Kumar is said to have been paranoid about not being paid. During recordings, he would sing only after his secretary confirmed that the producer had made the payment. On one occasion, when he discovered that his dues had not been fully paid, he appeared on set with makeup on only one side of his face. When the director questioned him, he replied "Aadha paisa to aadha make-up." (Half make-up for half payment). On the sets of Bhai Bhai, Kishore Kumar refused to act because the director M V Raman owed him ₹ 5,000. Ashok Kumar persuaded him to do the scene but when the shooting started, Kishore walked a few paces and said, Paanch Hazaar Rupaiya (five thousand rupees) and did a somersault. After he reached the end of the floor, he left the studio. On another occasion, when producer R.C. Talwar did not pay his dues in spite of repeated reminders, Kumar arrived at Talwar's residence shouting "Hey Talwar, de de mere aath hazaar" ("Hey Talwar, give me my eight thousand") every morning until Talwar paid up.
The film Anand (1971) was originally supposed to star Kishore and Mehmood Ali in the lead. Hrishikesh Mukherjee, the director of the film, was asked to meet Kishore to discuss the project. However, when he went to Kumar's house he was driven away by the gatekeeper due to a misunderstanding. Kumar—himself a Bengali—had not been paid for a stage show organized by another Bengali man and had instructed his gatekeeper to drive away this "Bengali", if he ever visited the house. Consequently, Mehmood had to leave the film as well, and new actors (Rajesh Khanna and Amitabh Bachchan) were signed up for the film.
In spite of his "no money, no work" principle, sometimes Kumar recorded free even when the producers were willing to pay. Such films include those produced by Rajesh Khanna and Danny Denzongpa. On one occasion, Kishore helped actor-turned-producer Bipin Gupta by giving him ₹ 20,000 for the film Dal Mein Kala (1964). When actor Arun Kumar Mukherjee—one of the first persons to appreciate Kishore's singing talent—died, Kumar regularly sent money to Mukherjee's family in Bhagalpur.
Many journalists and writers have written about Kishore Kumar's seemingly eccentric behavior. He placed a sign that said "Beware of Kishore" at the door of his Warden Road flat. Once, producer-director H. S. Rawail, who owed him some money, visited his flat to pay the dues. Kumar took the money and when Rawail offered to shake hands with him, reportedly Kishore put Rawail's hand in his mouth, bit it and asked "Didn't you see the sign?". Rawail laughed off the incident and left quickly. According to another reported incident, once Kumar was due to record a song for producer-director G. P. Sippy. As Sippy approached his bungalow, he saw Kumar going out in his car. Sippy asked Kumar to stop his car but Kumar increased his speed. Sippy chased him to Madh Island where Kumar finally stopped his car near the ruined Madh Fort. When Sippy questioned his strange behavior, Kumar refused to recognize or talk to him and threatened to call the police. The next morning, Kumar reported for the recording session. An angry Sippy questioned him about his behaviour the previous day but Kumar said that Sippy must have dreamt the incident and said that he was in Khandwa on the previous day.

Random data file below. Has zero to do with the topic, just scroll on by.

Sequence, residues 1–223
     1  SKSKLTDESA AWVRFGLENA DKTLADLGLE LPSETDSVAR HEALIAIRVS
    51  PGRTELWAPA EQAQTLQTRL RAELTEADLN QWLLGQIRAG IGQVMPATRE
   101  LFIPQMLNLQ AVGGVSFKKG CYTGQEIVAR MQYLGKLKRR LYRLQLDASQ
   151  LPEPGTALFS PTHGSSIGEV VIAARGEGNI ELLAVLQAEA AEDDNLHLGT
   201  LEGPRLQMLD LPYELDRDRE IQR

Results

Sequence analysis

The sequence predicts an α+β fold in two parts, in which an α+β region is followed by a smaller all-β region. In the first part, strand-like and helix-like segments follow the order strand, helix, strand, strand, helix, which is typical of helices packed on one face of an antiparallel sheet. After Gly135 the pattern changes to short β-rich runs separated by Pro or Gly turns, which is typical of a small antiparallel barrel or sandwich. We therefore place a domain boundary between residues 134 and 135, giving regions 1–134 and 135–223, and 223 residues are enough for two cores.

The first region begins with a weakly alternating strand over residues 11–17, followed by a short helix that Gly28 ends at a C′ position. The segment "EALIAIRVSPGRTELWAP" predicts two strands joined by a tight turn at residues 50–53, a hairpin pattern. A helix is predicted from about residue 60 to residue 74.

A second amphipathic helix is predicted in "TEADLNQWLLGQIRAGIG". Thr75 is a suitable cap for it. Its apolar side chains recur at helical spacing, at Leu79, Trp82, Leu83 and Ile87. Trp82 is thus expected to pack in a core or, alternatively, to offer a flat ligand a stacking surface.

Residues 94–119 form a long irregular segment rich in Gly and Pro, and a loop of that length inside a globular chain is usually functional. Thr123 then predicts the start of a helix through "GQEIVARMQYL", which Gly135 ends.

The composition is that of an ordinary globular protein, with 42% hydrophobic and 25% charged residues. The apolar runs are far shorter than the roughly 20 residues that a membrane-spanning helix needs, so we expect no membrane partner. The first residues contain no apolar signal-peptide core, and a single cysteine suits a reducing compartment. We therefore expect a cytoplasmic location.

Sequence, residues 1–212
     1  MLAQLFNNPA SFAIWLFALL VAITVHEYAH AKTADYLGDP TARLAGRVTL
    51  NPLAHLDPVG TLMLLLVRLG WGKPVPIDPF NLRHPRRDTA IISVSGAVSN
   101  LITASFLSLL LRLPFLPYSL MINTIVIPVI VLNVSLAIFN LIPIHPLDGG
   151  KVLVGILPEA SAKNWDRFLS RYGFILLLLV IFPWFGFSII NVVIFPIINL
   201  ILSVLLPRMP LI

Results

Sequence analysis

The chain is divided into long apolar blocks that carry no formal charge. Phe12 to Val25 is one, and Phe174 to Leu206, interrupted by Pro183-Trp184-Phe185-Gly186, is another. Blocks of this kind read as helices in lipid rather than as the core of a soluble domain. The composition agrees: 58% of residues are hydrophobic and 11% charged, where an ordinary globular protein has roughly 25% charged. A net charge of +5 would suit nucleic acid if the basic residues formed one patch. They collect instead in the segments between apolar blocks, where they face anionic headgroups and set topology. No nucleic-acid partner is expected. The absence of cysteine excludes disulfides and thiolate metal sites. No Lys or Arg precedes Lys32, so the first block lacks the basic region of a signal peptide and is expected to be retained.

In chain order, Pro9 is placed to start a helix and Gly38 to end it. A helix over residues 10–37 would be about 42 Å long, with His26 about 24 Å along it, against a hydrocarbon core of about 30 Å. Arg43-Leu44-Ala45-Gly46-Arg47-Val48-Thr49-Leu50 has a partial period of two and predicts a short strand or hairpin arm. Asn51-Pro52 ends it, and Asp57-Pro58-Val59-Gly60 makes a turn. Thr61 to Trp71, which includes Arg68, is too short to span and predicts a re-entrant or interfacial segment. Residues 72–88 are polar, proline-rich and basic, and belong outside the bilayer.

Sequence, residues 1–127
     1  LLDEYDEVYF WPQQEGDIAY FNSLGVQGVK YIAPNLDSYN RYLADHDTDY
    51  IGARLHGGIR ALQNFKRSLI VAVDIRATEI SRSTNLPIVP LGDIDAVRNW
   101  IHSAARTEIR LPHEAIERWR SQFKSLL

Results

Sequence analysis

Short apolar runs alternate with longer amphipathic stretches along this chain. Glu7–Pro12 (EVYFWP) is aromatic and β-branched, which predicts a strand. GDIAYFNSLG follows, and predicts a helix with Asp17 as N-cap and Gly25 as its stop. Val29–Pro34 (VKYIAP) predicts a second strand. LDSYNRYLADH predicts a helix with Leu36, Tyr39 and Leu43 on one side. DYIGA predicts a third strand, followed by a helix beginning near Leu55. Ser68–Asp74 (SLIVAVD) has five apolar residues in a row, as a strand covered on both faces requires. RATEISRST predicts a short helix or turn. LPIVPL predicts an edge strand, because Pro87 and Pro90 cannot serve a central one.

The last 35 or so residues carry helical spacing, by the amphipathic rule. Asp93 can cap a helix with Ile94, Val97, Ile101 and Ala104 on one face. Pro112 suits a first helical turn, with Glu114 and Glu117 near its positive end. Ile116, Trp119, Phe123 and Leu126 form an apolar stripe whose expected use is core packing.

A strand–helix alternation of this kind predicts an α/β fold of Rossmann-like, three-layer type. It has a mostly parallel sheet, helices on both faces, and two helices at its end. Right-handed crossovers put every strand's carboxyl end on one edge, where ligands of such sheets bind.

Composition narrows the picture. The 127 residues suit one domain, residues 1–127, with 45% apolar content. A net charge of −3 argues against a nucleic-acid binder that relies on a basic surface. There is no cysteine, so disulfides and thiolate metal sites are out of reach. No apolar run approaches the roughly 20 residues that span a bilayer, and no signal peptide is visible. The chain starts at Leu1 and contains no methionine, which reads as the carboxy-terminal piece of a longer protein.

Once, a producer went to court to get a decree that Kumar must follow the director's orders. As a consequence, he obeyed the director to the letter. He refused to alight from his car until the director ordered him to do so. After filming a car scene in Bombay, Kumar drove until he reached Khandala because the director forgot to say "Cut". In the 1960s, a financier named Kalidas Batvabbal, who was disgusted with Kumar's alleged lack of cooperation during the shooting of Half Ticket, reported to the income tax authorities, who raided his house. Later, Kumar invited Batvabbal to his home, asked him to enter a cupboard for a chat and locked him inside. He unlocked Batvabbal after two hours and told him, "Don't ever come to my house again".
Kishore Kumar was a loner; in an interview with Pritish Nandy (1985) he said that he had no friends—he preferred talking to his trees instead. Once, when a reporter made a comment about how lonely he must be, Kishore Kumar took her to his garden, named some of the trees there and introduced them to the reporter as his closest friends.
This section does not cite any sources. (August 2019) (Learn how and when to remove this template message)
|1970||"Roop Tera Mastana"||Aradhana||Sachin Dev Burman||Anand Bakshi|
|1976||"Dil Aisa Kisi Ne Mera"||Amanush||Shyamal Mitra||Indeevar|
|1979||"Khaike Paan Banaras Wala"||Don||Kalyanji Anandji||Anjaan|
|1981||"Hazaar Raahen Mudke Dekheen"||Thodisi Bewafaii||Khayyam||Gulzar|
|1983||"Pag Ghungroo Baandh"||Namak Halaal||Bappi Lahiri||Anjaan|
|1984||"Agar Tum Na Hote"||Agar Tum Na Hote||Rahul Dev Burman||Gulshan Bawra|
|1985||"Manzilein Apni Jagah Hain"||Sharaabi||Bappi Lahiri||Prakash Mehra|
|1986||"Saagar Kinaare"||Saagar||Rahul Dev Burman||Javed Akhtar|
In popular culture
- "Kishore Kumar | Indian actor, singer, composer, and director". Encyclopædia Britannica. Retrieved 19 April 2019.
- Valicha, Kishor (1 April 2001). Kishore Kumar: The Definitive Biography (1st ed.). Mumbai: Penguin Books. ISBN 0140278222. Retrieved 16 December 2014.
- Kishore Kumar birth anniversary special: Woo your ladylove by singing these classic romantic numbers | Music News. Zeenews.india.com (4 August 2016). Retrieved 6 November 2018.
- Kishore Kumar: Some funny antics of his life | The Times of India. The Times of India. (4 August 2018). Retrieved 6 November 2018.
- ANI (4 August 2017). "Kishore Kumar is always missed: Lata Mangeshkar on his birth anniversary". The Times of India. Retrieved 9 May 2018.